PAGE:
Swine serum samples collected in 2004–2005 showed no seroprevalence to A(H1N1)pdm09, A/California/4/2009, and A/swine/Colombo/330/2009 viruses (Table 2). In 2010, seroprevalence to A(H1N1)pdm09 virus was detected (Figure 1). After peaking in February 2011, seroprevalence declined to undetectable levels in April–May 2012, suggesting that the A(H1N1)pdm09 virus was not sustaining transmission among pigs in the absence of continued human infection. The maximum cross-correlation between incidence of human and swine virus isolates was found after an 8-week lag, indicating that the rise in incidence of human virus preceded that in swine by 7–8 weeks (Technical Appendix 2).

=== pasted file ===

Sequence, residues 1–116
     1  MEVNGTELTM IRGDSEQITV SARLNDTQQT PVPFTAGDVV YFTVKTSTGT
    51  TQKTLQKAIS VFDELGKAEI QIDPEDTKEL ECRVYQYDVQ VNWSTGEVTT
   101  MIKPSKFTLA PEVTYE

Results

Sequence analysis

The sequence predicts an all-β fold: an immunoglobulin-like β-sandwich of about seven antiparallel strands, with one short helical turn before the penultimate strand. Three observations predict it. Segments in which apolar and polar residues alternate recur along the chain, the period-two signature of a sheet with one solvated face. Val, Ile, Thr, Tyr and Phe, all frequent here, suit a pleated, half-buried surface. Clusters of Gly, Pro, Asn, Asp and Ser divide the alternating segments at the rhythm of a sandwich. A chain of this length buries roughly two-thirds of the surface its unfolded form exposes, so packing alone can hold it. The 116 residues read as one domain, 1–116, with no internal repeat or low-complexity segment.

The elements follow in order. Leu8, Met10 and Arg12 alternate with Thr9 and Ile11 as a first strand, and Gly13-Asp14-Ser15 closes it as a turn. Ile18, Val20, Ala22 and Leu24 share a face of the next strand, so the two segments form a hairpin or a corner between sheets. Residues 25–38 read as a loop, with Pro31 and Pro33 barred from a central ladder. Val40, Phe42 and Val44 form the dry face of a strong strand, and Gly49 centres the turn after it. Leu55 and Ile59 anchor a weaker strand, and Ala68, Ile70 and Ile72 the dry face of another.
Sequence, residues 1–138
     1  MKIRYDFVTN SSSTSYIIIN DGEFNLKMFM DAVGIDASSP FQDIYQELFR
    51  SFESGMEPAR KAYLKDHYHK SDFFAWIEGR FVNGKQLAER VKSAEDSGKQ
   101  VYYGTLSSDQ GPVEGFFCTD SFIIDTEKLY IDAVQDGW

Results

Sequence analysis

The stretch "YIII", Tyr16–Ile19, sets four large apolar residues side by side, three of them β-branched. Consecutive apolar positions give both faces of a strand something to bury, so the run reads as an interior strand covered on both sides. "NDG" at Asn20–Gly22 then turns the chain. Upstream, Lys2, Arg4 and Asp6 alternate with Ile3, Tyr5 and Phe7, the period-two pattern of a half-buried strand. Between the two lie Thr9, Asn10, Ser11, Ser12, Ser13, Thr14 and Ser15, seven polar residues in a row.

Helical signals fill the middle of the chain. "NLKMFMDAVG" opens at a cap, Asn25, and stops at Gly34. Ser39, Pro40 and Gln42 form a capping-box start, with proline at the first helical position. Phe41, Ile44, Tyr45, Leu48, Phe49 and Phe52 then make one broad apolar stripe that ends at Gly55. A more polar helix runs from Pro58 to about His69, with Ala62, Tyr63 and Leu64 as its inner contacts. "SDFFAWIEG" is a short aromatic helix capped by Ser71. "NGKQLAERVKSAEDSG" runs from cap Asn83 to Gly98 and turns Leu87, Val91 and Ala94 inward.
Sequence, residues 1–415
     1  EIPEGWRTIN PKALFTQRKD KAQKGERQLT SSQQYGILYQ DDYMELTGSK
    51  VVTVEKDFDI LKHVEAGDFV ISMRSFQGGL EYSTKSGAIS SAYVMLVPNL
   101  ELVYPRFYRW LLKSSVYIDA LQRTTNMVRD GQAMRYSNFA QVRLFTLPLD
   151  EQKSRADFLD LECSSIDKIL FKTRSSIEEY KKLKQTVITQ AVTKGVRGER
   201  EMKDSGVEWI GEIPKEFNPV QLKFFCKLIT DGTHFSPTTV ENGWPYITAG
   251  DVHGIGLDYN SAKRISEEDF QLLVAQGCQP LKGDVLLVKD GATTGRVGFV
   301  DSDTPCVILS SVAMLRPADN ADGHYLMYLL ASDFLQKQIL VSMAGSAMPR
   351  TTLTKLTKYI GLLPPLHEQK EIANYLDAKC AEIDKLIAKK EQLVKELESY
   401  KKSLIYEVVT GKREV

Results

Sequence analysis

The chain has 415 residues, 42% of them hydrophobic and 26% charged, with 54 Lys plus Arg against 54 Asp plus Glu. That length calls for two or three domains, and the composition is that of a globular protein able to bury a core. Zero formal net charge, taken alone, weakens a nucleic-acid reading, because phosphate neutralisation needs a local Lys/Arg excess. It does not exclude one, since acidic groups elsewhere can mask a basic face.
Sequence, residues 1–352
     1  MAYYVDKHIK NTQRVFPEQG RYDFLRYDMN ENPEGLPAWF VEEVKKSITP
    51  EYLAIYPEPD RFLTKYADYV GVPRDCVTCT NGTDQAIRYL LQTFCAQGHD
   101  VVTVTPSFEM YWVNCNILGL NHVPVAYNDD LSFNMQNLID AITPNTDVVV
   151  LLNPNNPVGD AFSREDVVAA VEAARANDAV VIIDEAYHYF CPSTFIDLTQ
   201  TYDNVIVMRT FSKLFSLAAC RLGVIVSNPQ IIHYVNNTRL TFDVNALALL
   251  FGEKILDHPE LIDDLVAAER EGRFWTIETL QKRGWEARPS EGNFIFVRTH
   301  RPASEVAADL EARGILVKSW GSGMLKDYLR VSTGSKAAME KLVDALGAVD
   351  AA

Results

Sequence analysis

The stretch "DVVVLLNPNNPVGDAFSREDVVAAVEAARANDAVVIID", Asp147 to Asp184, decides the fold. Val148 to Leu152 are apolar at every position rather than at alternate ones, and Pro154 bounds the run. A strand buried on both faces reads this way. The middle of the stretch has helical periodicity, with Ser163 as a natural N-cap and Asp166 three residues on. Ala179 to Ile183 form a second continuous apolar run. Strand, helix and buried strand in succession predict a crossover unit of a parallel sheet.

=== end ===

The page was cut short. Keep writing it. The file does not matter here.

Isolation of human-like influenza A (H3N2) and A(H1N1)pdm09-like viruses from pigs in Sri Lanka probably represents spillover infection from humans, with self-limited transmission and extinction within pig herds. This finding might reflect characteristics of swine husbandry in Sri Lanka, where swine population density in the study area is relatively low (7.7 pigs/km2), or other factors (5,13). Genetic characterization of individual gene segments of all influenza (H3N2) and A(H1N1)pdm09 viruses from swine showed no evidence of genetic reassortment. This finding contrasts with those from Hong Kong, Thailand, Argentina, and the United States, where reassortment of A(H1N1)pdm09 with other swine influenza viruses has reportedly occurred (14,15). This contrast might reflect the low prevalence of other swine influenza virus lineages (e.g., classical swine, Eurasian avian-like and triple-reassortant swine) endemic to Sri Lanka. With the exception of subtype H3N2 viruses (Table 2), no evidence of other endemic swine influenza viruses circulating in swine in the country before the emergence of the A(H1N1)pdm09 in 2009 was found, and influenza (H3N2) virus in swine became extinct around the time of the spillover of A(H1N1)pdm09 to swine. These observations might explain the lack of emergence of A(H1N1)pdm09 reassortants among swine. It might also indicate that A(H1N1)pdm09, although able to spill over from humans to swine, is not ideally adapted to establish sustained transmission among swine in the absence of further reassortment with other swine influenza virus lineages.